Unequal Resources; Unequal Results
Student outcomes vary widely by race and income, but it’s unfair to say that low-income students of color are just achieving less when we know they are being given less. These students are more likely to attend schools with lower expectations and fewer resources, have less access to grade-level content, and are more likely to be over-disciplined.2 This “resource gap” is not accidental; it is the result of systemically racist policies.
Decades of housing discrimination, unequal access to healthcare, and a generational wealth gap push low-income Black and Latino communities further and further behind.3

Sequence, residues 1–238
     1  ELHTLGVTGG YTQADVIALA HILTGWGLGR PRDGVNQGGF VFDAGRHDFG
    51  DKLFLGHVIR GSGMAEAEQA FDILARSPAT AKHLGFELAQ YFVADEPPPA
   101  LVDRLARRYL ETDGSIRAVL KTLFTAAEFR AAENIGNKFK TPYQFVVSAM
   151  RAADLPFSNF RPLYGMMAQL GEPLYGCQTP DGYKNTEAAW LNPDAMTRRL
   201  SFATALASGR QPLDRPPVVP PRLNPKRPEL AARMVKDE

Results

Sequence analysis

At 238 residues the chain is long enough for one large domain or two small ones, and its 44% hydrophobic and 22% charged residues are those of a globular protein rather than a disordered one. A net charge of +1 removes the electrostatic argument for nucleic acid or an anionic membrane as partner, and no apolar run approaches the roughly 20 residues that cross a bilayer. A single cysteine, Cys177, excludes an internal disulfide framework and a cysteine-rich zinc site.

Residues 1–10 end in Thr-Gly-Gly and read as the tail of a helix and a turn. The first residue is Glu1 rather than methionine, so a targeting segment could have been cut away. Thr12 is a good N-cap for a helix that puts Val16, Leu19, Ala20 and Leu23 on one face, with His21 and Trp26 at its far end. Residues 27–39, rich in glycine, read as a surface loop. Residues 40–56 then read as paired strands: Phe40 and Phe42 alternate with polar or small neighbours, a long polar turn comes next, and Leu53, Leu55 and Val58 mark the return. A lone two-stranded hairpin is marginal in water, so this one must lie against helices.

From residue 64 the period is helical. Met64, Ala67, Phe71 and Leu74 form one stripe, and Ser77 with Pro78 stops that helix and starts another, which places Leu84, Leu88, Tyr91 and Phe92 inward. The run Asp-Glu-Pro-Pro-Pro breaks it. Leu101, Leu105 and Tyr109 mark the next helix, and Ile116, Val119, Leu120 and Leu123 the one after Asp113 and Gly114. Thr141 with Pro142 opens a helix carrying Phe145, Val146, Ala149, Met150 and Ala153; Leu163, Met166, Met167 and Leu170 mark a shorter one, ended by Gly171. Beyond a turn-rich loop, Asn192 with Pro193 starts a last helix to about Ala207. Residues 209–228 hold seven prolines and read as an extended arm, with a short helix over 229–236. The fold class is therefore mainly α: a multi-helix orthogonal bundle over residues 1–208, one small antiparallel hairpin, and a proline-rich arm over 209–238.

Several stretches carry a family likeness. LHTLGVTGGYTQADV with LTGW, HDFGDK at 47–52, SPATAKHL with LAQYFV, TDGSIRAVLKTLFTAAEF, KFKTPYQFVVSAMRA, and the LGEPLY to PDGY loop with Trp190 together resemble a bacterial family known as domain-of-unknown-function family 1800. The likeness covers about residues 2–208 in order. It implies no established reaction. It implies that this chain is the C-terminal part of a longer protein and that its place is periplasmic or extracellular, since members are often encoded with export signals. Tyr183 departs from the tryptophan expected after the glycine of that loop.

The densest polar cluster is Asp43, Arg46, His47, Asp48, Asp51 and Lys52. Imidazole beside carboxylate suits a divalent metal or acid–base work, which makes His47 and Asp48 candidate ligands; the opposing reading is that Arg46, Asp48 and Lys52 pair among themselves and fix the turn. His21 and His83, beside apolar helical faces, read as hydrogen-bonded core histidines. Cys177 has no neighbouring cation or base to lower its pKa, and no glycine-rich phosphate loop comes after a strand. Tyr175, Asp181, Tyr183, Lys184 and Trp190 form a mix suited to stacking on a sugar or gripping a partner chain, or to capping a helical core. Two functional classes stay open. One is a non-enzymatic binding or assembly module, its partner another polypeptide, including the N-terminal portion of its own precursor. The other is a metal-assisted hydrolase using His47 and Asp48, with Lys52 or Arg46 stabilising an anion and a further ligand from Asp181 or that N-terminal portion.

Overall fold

Unfortunately, in the Bay Area, public schools have not been the equalizing force they should be.
2Yes We Can: Telling Truths and Dispelling Myths About Race and Education in America. Washington, DC: The Education Trust, 2006. Accessed April 2, 2018. https://1k9gl1yevnfp2lpq1dhrqe17-wpengine.netdna-ssl.com/wp-content/uploads/2013/10/YesWeCan.pdf; Anne Gregory, Russell J. Skiba, and Pedro A. Noguera. The Achievement Gap and the Discipline Gap: Two Sides of the Same Coin?. Educational Researcher, 2010 Vol 39: pg 59
3Janie Boschma and Ronald Brownstein, “The Concentration of Poverty in American Schools,” The Atlantic, February 29, ,2016, https://www.theatlantic.com/education/archive/2016/02/concentration-poverty-american-schools/471414/ ; “Mind the (achievement) gap,” LA Times, November 26, 2007, http://www.latimes.com/la-op-dustup26nov26-story.html